• It seems as if it peaks just after stopping it and removing the anode from the jar. This is consistent with previous observations.
    • [2019-07-04 17:14:48] 111 CPM (not operating)
    • [2019-07-04 17:15:10] Clamp meter is low on battery
    • [2019-07-04 17:16:18] Dropped anode into jar
    • [2019-07-04 17:19:17] Seems to be running at a lower rate, but noisier
    • [2019-07-04 17:19:59] 120 CPM peak
    • [2019-07-04 17:21:00] Removed anode from jar
    • [2019-07-04 17:23:04] 135 CPM peak (not operating)
    • [2019-07-04 17:24:58] 126 CPM peak (again not operating)
    • [2019-07-04 17:26:01] 147 CPM peak (not operating)
    • [2019-07-04 17:26:53] Dropped anode into jar
    • [2019-07-04 17:27:05] 140 CPM
    • [2019-07-04 17:29:06] 130 CPM
    • [2019-07-04 17:30:24] Removed anode from jar
    • [2019-07-04 17:32:09] Consistently above 110 CPM now
    • [2019-07-04 17:32:40] 136 CPM peak
    • [2019-07-04 17:35:18] Dropped anode into jar
      • Just before this it seemed as if hovering the anode just above the geiger counter caused increased readings
    • [2019-07-04 17:36:57] 128 CPM
    • [2019-07-04 17:37:15] 132 CPM
    • [2019-07-04 17:38:03] 137 CPM
    • [2019-07-04 17:40:16] Removed from jar
      • Peaked 148 CPM
    • [2019-07-04 17:41:05] Allowing to cool off to ambient temperature
    • [2019-07-04 17:41:37] PSU turned off
    • [2019-07-04 17:42:27] 132 CPM peak
  • I did some more testing. Upon request I removed the Lego brick in front of the Geiger tube that might have possibly affected results. It was put there simply to hold the two lateral pieces together so that it could stay upright. It should be made of ABS plastic so in theory it could have a somewhat moderating effect on neutrons or other neutral particles.

    I haven't observed substantial differences in the signal, at least initially. It takes some effort to built it up to high values. However, as I eventually I stopped the experiment and left the room for a break, I noticed something odd:

    Geiger counts apparently kept increasing after putting the anode aside, cooling off. The rate of increase remained about the same. Here both runs can be seen. The first one has a nice exponential decay curve. The second run has just began decaying. This also shows that at least on the short term it's a repeatable effect.

    Somehow I suspect that the off-time outside the jar might be just as important as the on-time inside of it.

    Experimental log

    • [2019-07-04 21:27:57] Turned on PSU and removed lego brick in front of Geiger counter
    • [2019-07-04 21:29:18] Dropped anode into jar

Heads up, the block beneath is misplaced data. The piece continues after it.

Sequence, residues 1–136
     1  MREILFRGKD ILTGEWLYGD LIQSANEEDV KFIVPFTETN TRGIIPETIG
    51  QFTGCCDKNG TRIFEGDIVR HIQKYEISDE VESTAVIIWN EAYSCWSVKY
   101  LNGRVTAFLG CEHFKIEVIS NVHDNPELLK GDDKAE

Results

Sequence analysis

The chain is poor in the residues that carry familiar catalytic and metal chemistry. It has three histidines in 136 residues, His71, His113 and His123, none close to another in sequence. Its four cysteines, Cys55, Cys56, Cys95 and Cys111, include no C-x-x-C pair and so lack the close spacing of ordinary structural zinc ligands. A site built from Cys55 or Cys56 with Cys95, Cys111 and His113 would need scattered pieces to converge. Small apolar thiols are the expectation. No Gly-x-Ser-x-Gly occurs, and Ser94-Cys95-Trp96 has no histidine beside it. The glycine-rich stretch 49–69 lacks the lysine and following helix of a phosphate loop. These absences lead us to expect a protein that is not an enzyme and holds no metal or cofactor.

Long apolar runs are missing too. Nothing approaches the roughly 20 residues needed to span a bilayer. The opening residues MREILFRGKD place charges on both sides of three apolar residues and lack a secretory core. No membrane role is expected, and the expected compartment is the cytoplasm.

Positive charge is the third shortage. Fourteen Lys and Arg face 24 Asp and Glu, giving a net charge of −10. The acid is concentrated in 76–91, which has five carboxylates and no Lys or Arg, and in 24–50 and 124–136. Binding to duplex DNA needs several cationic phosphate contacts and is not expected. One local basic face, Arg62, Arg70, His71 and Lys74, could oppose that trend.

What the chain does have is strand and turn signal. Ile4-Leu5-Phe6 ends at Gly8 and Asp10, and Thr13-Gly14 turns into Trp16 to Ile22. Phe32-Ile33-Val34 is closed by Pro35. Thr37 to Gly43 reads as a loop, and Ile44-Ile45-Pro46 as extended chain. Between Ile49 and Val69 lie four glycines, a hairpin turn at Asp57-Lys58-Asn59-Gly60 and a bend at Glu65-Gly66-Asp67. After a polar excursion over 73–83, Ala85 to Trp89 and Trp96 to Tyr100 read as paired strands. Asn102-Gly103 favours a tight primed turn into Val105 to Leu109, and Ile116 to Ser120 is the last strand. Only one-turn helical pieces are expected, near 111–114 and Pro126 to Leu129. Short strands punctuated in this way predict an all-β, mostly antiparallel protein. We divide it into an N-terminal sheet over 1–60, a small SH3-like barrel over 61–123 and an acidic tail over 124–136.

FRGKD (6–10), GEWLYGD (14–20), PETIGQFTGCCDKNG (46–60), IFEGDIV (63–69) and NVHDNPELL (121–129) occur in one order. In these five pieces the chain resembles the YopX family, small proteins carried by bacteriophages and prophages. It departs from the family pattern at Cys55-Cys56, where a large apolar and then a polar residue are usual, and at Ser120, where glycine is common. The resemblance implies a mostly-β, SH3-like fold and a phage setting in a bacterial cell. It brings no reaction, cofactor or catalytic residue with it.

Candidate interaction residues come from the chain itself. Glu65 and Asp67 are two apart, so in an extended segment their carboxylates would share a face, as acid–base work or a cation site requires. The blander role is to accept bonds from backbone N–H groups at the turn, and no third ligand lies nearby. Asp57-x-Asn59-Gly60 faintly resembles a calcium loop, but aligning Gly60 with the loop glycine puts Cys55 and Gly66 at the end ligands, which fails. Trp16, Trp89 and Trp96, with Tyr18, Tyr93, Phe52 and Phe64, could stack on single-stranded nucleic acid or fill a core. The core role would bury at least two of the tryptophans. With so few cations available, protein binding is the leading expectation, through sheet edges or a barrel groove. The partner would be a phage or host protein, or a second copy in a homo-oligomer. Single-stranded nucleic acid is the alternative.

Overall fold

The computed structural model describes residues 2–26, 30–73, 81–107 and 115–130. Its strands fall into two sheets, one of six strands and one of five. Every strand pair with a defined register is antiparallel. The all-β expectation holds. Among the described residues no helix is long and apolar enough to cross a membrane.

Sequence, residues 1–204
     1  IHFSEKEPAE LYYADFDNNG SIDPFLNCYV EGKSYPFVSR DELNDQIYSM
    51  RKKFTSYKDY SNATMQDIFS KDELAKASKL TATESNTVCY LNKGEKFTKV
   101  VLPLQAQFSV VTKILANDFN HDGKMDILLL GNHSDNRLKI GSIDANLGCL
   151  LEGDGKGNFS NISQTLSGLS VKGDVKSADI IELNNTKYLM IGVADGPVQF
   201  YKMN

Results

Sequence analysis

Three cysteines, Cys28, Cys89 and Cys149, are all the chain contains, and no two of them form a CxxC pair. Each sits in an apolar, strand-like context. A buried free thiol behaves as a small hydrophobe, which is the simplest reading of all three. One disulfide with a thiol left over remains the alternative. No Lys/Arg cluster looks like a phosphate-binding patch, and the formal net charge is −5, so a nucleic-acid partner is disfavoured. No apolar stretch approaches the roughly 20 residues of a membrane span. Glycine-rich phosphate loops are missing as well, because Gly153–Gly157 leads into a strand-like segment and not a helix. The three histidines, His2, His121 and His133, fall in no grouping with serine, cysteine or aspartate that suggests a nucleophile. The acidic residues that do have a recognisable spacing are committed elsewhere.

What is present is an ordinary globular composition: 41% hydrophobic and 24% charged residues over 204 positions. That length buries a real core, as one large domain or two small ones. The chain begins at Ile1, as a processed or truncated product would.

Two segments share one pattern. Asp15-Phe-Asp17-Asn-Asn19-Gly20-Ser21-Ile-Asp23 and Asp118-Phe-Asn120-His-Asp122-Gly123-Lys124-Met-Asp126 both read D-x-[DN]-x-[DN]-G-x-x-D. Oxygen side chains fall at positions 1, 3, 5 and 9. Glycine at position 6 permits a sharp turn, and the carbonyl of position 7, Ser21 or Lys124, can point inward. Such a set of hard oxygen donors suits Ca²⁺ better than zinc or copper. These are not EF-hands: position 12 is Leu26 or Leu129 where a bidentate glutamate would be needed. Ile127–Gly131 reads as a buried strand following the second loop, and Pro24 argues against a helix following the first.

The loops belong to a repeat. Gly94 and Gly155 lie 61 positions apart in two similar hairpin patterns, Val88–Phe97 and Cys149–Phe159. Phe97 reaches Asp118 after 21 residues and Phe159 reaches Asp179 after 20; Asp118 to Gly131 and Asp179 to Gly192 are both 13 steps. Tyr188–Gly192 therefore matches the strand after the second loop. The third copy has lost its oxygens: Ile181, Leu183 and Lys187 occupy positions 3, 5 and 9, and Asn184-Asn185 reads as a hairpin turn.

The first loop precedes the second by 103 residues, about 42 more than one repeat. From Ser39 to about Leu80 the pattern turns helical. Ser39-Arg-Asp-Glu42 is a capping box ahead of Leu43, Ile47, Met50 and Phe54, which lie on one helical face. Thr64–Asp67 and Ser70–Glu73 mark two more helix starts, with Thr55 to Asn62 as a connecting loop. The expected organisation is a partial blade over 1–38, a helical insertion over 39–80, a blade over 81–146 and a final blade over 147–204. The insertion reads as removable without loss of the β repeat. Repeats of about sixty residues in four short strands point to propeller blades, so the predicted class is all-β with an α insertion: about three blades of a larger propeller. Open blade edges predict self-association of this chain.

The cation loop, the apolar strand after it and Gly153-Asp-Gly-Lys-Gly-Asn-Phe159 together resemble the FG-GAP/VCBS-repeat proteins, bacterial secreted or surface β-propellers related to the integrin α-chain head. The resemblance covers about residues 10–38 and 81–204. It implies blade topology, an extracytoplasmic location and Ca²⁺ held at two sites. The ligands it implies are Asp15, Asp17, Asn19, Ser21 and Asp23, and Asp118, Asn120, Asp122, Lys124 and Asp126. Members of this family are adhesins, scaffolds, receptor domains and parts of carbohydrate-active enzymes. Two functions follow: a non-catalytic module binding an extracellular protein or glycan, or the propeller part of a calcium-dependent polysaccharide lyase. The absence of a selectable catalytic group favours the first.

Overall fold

• [2019-07-04 21:32:22] Making somewhat more crack noises than earlier
    • [2019-07-04 21:35:59] Removed anode from jar
      • Counts somewhat increased after this
    • [2019-07-04 21:37:58] Put anode into jar
    • [2019-07-04 21:38:56] Peaked 106 CPM
    • [2019-07-04 21:39:30] 108 CPM
    • [2019-07-04 21:40:46] Removed anode from jar due to heat build up in coil
    • [2019-07-04 21:43:45] Added distilled water
    • [2019-07-04 21:44:12] Dropped anode into jar
      • Reaction seems slightly stronger now
    • [2019-07-04 21:47:33] Removed anode from jar
    • [2019-07-04 21:48:18] 109 CPM peak
    • [2019-07-04 21:49:52] Dropped anode into jar
    • [2019-07-04 21:51:02] 103 CPM peak
    • [2019-07-04 21:52:12] Removed anode from jar
    • [2019-07-04 21:54:45] Added aluminum shield to the right of screwdriver
    • [2019-07-04 21:56:23] Dropped anode into jar, removed aluminium shield
    • [2019-07-04 21:59:42] Removed anode from jar
    • [2019-07-04 22:02:23] 107 CPM peak
    • [2019-07-04 22:03:03] 112 CPM peak
    • [2019-07-04 22:04:22] 114 CPM peak
    • [2019-07-04 22:05:06] Dropped anode into jar
    • [2019-07-04 22:07:04] 111 CPM
    • [2019-07-04 22:08:12] Removed anode from jar
    • [2019-07-04 22:09:23] 123 CPM peak after dropping to 80 CPM
    • [2019-07-04 22:12:40] Dropped anode into jar
    • [2019-07-04 22:14:45] 116 CPM
    • [2019-07-04 22:15:47] Removed anode form jar
    • [2019-07-04 22:18:41] Dropped anode into jar
    • [2019-07-04 22:20:43] Moved electrode so that sparks would more more blue-white in color
    • [2019-07-04 22:21:36] 121 CPM peak
    • [2019-07-04 22:22:10] Removed anode from jar
    • [2019-07-04 22:26:12] 132 CPM peak
    • [2019-07-04 22:28:03] Dropped anode into jar
    • [2019-07-04 22:28:41] Sparks seem mostly whitish
    • [2019-07-04 22:28:50] 124 CPM
    • [2019-07-04 22:30:47] Removed anode from jar
    • [2019-07-04 22:31:12] 138 CPM peak
    • [2019-07-04 22:35:30] Dropped anode into jar
    • [2019-07-04 22:37:50] 131 CPM peak
    • [2019-07-04 22:38:59] 136 CPM
    • [2019-07-04 22:39:55] 148 CPM peak
    • [2019-07-04 22:42:00] Removed anode from jar
    • [2019-07-04 22:42:52] 136 CPM peak
    • [2019-07-04 22:45:14] 130 CPM peak
    • [2019-07-04 22:46:17] 138 CPM
    • [2019-07-04 22:47:20] Dropped anode into jar
    • [2019-07-04 22:51:13] Removed electrode from jar. Allowing it to cool down
    • [2019-07-04 22:52:58] 152 CPM peak seen
    • [2019-07-04 23:37:32] PSU turned off
  • Alan Smith

    It does feel that the best results are obtained by cycling power on and off, but I also saw that at the end of the longer power-on runs Geiger counts eventually start increasing relatively quickly. It's difficult to tell for sure what is actually important since the processes observed are slow. Something slowly "builds up", in a way or another.

    • Official Post

    If you read the history of LENR, you will see that often you get the best results when you turn off the power!

    As RB noticed on another thread, start at about minute 8;21. That on/off switch seems to work magic, according to Larry Forsley: